Chapter 8

Wiki Surveys: Open and Quantifiable Social Data Collection ............... 155 Abstract ................................................................................................. 155 Introduction ........................................................................................... 156 Wiki Surveys .......................................................................................... 157 Case Studies .......................................................................................... 165 Discussion ............................................................................................. 171 Acknowledgments ................................................................................. 173 Author Contributions ............................................................................. 173 References ............................................................................................. 174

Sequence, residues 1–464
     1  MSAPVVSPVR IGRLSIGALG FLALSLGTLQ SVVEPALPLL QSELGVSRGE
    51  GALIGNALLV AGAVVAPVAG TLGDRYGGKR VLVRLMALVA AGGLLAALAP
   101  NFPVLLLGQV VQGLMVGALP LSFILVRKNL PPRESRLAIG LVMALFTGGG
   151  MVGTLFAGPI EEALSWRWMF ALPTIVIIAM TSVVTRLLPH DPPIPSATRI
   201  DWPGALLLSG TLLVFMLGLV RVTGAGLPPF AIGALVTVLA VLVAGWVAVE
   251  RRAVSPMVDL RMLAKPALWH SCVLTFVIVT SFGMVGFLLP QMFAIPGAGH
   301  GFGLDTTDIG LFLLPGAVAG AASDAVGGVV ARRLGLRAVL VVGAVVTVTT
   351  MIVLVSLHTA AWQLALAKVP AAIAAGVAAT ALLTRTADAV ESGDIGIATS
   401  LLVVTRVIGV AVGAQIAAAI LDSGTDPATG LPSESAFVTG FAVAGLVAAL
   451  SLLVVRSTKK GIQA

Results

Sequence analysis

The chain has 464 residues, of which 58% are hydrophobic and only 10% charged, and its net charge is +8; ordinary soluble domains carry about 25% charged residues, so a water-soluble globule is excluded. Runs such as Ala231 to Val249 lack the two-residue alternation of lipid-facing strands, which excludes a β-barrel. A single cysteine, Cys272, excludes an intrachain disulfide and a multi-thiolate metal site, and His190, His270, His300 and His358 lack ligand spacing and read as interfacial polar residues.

Chapter 9

Towards a Standard Sampling Methodology on Online Social Networks: Collecting Global Trends on Twitter .................................... 181 Abstract ................................................................................................. 182 Introduction ........................................................................................... 182 Related Work ......................................................................................... 185 Problem Definition ................................................................................ 187 Random Strategies ................................................................................. 188 The Alternative Version of the Metropolis-Hastings Algorithm ................ 191 Sampling Global Trends on Twitter ......................................................... 192 Results ................................................................................................... 195 xi